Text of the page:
"I feel sorry for anyone who doesn't believe that those 2 men loved each other.

It must hurt to be such a political person, but maybe not so much in Madison, where nearly everyone is on your side politically and anyone else can be harassed in the hope that she and her husband will give up and leave town."



But... you're the one who chose to highlight the brief political mention in the article. Had nothing to do with the story really, yet you chose to excerpt that part.

Then... you use the comments to once again make it all about you, and your suffering. Nevermind the pain of the woman who lost her husband -- your husband and you are being politically harasssed...


I sure hope this blog supplements your income well. You do seem to delight in the political divisiveness, and I think you "belong" to that Madison mindset more than you think. God bless, and may you turn away from such darkness to light by personal choice one day.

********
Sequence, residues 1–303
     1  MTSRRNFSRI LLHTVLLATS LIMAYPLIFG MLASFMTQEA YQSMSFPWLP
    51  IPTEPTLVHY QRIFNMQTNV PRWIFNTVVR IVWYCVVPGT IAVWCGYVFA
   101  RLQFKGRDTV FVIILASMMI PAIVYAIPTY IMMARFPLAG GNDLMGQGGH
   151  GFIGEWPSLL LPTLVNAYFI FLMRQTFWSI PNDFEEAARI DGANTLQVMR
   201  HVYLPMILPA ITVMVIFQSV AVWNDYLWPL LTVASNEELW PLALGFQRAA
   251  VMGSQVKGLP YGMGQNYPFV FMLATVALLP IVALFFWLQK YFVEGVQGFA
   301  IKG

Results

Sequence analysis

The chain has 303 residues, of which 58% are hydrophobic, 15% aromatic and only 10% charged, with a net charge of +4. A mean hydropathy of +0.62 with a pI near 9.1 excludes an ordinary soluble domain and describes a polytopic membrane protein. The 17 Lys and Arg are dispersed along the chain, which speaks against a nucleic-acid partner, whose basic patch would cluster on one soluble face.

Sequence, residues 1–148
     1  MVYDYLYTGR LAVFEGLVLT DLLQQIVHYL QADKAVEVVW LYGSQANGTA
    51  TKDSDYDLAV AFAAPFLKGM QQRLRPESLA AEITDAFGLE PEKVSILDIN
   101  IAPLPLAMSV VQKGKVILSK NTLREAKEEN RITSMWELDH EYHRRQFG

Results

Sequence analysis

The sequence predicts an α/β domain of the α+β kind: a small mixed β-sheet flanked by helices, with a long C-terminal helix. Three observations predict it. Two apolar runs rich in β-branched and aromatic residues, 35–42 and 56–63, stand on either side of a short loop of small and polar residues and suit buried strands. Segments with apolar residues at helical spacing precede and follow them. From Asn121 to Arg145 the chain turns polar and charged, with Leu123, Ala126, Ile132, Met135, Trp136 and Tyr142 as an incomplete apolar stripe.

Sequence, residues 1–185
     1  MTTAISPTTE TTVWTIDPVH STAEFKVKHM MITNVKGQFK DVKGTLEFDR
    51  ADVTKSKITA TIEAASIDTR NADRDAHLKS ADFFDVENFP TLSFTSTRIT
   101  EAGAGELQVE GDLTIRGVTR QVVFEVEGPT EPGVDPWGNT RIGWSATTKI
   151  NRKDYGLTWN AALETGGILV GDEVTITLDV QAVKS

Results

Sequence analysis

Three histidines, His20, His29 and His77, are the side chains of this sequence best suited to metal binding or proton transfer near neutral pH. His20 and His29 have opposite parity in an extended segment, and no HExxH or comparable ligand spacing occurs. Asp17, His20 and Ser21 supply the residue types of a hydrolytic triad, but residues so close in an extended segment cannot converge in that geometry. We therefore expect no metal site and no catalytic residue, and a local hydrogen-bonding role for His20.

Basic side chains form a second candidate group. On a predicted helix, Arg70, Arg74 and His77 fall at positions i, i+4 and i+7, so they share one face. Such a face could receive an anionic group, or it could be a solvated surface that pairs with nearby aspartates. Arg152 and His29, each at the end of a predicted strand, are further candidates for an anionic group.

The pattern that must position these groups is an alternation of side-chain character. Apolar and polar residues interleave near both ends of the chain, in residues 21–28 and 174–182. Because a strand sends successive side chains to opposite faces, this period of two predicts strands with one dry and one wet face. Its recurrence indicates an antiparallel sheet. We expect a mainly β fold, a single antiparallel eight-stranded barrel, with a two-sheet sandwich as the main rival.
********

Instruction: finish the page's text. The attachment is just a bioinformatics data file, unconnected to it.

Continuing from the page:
EDH said...

Just to even things out along the political spectrum...

Congressman Stephen Lynch (D-South Boston) is the first member of Congress to be a live liver donor, so he knows first hand of the need for liver disease research. Congressman Lynch gave two-thirds of his liver to his brother in-law, South Boston resident and union carpenter Joe O'Leary, who would have died without the living donor transplant.

"Being Irish, I didn’t know we were allowed to donate our liver."

John Lynch said...

Love is what you do.

I like the non-political posts better.

hdhouse said...

I presume that one had health insurance and the other couldn't get one due to a pre-existing condition and both died before the bills were paid and one at least was forced into bankruptcy due to the hospital bills and the republican family blames Obama to this day.

Noted.

Unknown said...

It's easy to see what the problem is. The hospital failed to check to see that they were an issue match.